STURGIS, Mich. (WOOD) — Just days after reopening baby formula production, the Abbott facility in Sturgis is once again stopping production.
In a statement posted to its website, Abbott cited the severe thunderstorms and heavy rains that came through southwest Michigan Monday as the reason for the closure.
“These torrential storms produced significant rainfall in a short period of time – overwhelming the city’s stormwater system in Sturgis, Mich., and resulting in flooding in parts of the city, including areas of our plant.
“As a result, Abbott has stopped production of its EleCare specialty formula that was underway to assess damage caused by the storm and clean and re-sanitize the plant. We have informed FDA and will conduct comprehensive testing in conjunction with the independent third party to ensure the plant is safe to resume production. This will likely delay production and distribution of new product for a few weeks.”Abbott
Abbott does say it believes it still has “ample existing supply” of Elecare and most of its specialty formulas to meet current demand. The company added it will also work to restart Similac production at the plant as soon as possible.
According to Storm Team 8’s Chief Meteorologist Ellen Bacca, there were no flood warnings for Sturgis during Monday’s storms. The area has received 2 inches of total rain in the past seven days, which is 1 inch more than the average rainfall this time of year.
But the city of Sturgis said it got about an inch of rain in only 15 minutes and about 1.5 inches in the span of half an hour. That intensity, it said, “pushed parts of the City’s storm sewer system to capacity for a brief period of time.”
“It is the high intensity of an event which can overwhelm the storm sewer system,” the city said in a release.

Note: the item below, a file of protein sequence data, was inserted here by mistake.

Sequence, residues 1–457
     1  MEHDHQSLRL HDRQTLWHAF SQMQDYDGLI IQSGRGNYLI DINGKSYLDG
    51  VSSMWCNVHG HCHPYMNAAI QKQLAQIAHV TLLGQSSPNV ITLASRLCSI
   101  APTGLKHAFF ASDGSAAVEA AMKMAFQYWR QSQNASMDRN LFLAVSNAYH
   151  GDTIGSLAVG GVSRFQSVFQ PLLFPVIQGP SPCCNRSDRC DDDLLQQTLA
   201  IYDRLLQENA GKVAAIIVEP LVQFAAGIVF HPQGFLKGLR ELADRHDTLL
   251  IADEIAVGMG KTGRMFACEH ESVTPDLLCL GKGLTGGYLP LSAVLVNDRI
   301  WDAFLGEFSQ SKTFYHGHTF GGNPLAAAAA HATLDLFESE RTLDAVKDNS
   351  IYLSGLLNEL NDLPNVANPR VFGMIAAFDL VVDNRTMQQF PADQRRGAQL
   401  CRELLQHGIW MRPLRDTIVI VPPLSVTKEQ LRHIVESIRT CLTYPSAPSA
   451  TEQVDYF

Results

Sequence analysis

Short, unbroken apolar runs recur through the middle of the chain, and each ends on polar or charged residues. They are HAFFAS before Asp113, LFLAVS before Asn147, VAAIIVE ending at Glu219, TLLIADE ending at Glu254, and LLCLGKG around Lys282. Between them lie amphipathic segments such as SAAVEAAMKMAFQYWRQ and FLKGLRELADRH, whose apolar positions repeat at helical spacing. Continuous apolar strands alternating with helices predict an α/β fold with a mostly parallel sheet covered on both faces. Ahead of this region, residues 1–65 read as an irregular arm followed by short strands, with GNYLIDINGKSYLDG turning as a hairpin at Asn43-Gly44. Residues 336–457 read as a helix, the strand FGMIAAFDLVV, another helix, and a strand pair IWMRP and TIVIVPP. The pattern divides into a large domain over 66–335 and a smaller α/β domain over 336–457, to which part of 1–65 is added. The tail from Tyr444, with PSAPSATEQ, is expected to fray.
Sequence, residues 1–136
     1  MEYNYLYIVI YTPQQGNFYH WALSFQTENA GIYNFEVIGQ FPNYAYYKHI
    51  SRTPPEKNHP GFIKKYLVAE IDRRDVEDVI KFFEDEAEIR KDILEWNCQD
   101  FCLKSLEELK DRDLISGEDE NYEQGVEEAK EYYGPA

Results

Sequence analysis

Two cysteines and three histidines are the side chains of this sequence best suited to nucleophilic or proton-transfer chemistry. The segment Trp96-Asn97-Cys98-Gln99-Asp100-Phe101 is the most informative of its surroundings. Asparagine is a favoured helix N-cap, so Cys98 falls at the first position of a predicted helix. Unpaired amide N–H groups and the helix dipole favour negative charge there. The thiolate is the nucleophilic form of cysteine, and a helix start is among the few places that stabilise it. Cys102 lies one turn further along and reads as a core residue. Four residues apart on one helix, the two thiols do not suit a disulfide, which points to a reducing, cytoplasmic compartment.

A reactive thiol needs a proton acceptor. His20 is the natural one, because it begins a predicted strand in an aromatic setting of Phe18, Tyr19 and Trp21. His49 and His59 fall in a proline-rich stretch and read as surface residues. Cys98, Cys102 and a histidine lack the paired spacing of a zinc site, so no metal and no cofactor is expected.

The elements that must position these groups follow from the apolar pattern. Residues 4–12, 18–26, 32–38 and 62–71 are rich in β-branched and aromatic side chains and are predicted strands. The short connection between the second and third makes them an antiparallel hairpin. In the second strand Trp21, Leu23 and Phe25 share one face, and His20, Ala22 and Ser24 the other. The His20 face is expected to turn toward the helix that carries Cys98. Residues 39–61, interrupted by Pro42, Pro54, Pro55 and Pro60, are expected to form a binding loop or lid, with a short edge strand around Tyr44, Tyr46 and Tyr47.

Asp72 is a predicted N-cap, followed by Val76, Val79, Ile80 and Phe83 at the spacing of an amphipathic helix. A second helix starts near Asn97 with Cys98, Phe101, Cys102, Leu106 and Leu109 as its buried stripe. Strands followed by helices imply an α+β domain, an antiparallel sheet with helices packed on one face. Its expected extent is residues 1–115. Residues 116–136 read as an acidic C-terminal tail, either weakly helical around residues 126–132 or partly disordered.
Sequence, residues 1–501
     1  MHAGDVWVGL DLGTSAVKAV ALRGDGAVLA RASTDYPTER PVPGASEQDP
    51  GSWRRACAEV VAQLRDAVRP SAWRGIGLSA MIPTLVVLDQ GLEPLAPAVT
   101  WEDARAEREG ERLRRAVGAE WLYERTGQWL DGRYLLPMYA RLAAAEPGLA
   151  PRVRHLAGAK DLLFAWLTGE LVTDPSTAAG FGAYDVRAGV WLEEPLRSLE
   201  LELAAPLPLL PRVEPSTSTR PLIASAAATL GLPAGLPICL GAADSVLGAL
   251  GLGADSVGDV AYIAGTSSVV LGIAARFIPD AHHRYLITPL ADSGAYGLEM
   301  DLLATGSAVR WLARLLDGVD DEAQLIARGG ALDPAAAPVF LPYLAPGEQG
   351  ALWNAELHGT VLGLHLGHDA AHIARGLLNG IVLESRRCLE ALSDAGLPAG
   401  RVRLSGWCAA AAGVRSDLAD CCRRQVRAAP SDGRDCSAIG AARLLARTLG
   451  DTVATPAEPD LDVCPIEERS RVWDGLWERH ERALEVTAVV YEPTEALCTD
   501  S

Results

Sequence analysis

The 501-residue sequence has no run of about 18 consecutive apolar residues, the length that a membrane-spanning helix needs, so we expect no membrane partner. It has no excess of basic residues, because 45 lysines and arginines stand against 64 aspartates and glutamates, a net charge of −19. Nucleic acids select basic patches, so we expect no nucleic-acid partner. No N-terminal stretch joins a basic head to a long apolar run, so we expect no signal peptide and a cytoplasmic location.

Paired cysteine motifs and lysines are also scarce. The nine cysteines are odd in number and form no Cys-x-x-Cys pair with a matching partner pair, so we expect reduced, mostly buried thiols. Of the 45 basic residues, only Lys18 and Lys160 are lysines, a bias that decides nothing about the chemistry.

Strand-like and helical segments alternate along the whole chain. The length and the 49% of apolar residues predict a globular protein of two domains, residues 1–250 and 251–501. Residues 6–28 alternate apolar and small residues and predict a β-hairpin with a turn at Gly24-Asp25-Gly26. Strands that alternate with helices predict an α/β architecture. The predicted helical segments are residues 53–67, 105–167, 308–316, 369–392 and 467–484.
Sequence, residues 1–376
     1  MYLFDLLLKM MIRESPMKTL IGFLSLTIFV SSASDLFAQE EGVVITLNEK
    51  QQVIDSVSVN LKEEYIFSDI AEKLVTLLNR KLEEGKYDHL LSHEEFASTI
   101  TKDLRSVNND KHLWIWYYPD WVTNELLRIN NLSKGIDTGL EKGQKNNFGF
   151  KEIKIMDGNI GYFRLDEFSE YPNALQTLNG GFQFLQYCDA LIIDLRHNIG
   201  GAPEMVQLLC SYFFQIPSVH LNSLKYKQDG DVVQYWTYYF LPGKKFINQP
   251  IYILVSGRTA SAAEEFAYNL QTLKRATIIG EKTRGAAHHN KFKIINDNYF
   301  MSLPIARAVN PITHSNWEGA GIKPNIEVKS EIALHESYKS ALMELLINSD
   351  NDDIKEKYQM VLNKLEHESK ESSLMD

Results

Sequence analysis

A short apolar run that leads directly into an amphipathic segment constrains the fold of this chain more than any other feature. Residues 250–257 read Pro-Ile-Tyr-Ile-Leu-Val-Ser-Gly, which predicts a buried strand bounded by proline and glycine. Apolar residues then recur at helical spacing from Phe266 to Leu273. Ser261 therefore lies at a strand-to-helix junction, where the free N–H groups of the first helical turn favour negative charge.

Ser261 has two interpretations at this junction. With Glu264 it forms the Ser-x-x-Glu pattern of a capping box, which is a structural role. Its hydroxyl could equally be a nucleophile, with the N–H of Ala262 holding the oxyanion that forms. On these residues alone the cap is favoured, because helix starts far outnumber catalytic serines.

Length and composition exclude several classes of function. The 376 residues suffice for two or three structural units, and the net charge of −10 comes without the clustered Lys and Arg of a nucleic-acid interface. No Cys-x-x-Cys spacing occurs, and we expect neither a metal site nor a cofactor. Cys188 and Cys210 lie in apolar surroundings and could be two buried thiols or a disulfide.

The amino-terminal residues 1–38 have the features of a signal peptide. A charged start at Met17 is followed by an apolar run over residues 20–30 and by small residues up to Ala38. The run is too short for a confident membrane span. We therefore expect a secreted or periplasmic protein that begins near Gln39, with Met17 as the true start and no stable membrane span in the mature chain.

It said the flooding at Abbott was likely the result of the city system being at capacity in the zone around the plant and therefore “unable to receive any additional water from the Abbott site,” as well as Abbott’s own systems being at capacity.
“As a result, storm water on the Abbott site backed up and flooded areas of their plant,” the city said in its release. “This combination of factors is an extremely rare occurrence and all storm water capacity issues were cleared in a matter of hours as the storm decreased and systems were able to catch up.”
The latest shutdown comes after the monthslong closure of the same plant prompted a severe shortage in formula products across the United States. Production of EleCare and other specialty and metabolic formulas restarted at the plant on June 4.
The U.S. Food and Drug Administration said that Commissioner Robert Califf talked with the CEO of Abbott Wednesday night about “their shared desire to get the facility up and running again as quickly as possible.” The FDA said its understanding was that Abbott was “working quickly to assess the damage” and said the company would be keeping the FDA updated on where things stood.
“On June 15, the FDA was made aware of the weather-related situation at Abbott’s Sturgis, Michigan, facility. FDA Commissioner Robert M. Califf, M.D., personally spoke to the CEO last night and discussed their shared desire to get the facility up and running again as quickly as possible.
“While this is an unfortunate setback and a reminder that natural weather events can also cause unforeseen supply chain disruptions, we understand Abbott is working quickly to assess the damage and will be reporting its progress to the agency in the days ahead.
“Once the company establishes a plan, the FDA will be back in the facility working with them to ensure that they can restart producing safe and quality formula products. It’s important to note that Abbott has been exceeding the monthly quantity of infant formula that it produced in 2021 – all while the Sturgis facility is out of production.
“Other producers also continue to make formula at higher-than-average rates, and we continue to exercise flexibility to import additional formula. This means that the total amount of formula available, even before the Sturgis plant is back in production, exceeds the demand for formula prior to the recall.
“Making sure that parents and caregivers have access to both safe and available infant formula remains a top priority for the FDA.”FDA